In this week's episode of the Futility Closet podcast we'll follow the dramatic 14,000-mile clipper ship race of 1866, in which five ships competed fiercely to be the first to London with the season's tea. We'll also track the importance of mulch to the readers of the comic book Groo the Wanderer and puzzle over the effects of Kool-Aid consumption on a woman's relationships.
Jack Spurling's 1926 painting Ariel & Taeping, China Tea Clippers Race, above, depicts two of the front-runners in the closely contested 1866 race to carry the season's first tea from China to London. The winner remained uncertain throughout the 14,000-mile course; the Shipping and Mercantile Gazette declared it "the closest run ever recorded ... an event of unprecedented occurrence."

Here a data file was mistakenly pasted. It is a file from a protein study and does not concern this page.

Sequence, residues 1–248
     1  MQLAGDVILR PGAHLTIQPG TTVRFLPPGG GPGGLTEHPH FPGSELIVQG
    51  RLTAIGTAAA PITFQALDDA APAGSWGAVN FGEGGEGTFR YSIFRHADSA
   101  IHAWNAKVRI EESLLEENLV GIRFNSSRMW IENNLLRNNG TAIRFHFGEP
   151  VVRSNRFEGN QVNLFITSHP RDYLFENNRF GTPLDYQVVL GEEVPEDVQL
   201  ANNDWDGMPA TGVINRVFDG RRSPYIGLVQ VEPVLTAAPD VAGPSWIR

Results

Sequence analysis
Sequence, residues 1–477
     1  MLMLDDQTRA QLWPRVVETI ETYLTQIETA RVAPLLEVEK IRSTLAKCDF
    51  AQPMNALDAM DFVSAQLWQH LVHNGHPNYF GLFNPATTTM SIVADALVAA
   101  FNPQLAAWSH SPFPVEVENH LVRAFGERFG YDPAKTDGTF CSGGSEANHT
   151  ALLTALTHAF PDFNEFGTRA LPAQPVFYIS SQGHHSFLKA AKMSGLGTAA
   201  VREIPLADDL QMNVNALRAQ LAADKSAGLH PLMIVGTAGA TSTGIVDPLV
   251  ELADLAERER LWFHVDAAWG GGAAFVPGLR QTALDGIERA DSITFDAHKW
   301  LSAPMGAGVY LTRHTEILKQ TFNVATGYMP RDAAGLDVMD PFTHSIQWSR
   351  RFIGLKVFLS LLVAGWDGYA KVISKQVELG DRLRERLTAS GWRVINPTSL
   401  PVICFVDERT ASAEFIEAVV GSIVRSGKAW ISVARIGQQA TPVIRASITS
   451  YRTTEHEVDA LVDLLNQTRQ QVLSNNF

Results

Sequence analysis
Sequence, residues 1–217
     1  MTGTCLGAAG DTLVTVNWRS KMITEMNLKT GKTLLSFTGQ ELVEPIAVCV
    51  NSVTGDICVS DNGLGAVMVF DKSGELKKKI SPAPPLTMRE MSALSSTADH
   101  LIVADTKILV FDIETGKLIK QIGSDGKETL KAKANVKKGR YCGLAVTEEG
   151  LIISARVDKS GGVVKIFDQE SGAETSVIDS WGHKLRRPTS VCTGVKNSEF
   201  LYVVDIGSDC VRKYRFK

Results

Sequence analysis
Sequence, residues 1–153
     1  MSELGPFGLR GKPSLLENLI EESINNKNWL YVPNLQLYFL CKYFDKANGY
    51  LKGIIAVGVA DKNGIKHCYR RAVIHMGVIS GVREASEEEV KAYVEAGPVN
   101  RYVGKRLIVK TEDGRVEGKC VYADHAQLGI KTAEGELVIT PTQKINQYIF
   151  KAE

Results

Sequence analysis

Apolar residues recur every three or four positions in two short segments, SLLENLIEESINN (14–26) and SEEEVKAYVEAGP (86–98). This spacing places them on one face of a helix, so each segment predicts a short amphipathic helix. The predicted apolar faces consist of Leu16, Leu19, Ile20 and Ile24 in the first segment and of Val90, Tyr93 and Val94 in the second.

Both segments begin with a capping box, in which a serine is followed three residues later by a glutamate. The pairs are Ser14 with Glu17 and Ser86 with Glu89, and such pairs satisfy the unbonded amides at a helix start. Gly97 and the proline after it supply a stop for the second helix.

Our sources for that segment:
Basil Lubbock, The China Clippers, 1914.
Mike Dash, "The Great Tea Race of 1866," smithsonian.com, Dec. 15, 2011 (accessed March 16, 2015).
The Shipping and Mercantile Gazette, Sept. 12, 1866.
John T. Irwin, Hart Crane's Poetry, 2011.
Filing Cabinet of the Damned reports on the significance of mulch to Groo the Wanderer.
This week's lateral thinking puzzle was submitted by listener Nick Madrid.
This episode is sponsored by our patrons and by The Great Courses -- go to http://www.thegreatcourses.com/closet to order from eight of their best-selling courses at up to 80 percent off the original price.
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Many thanks to Doug Ross for the music in this episode.
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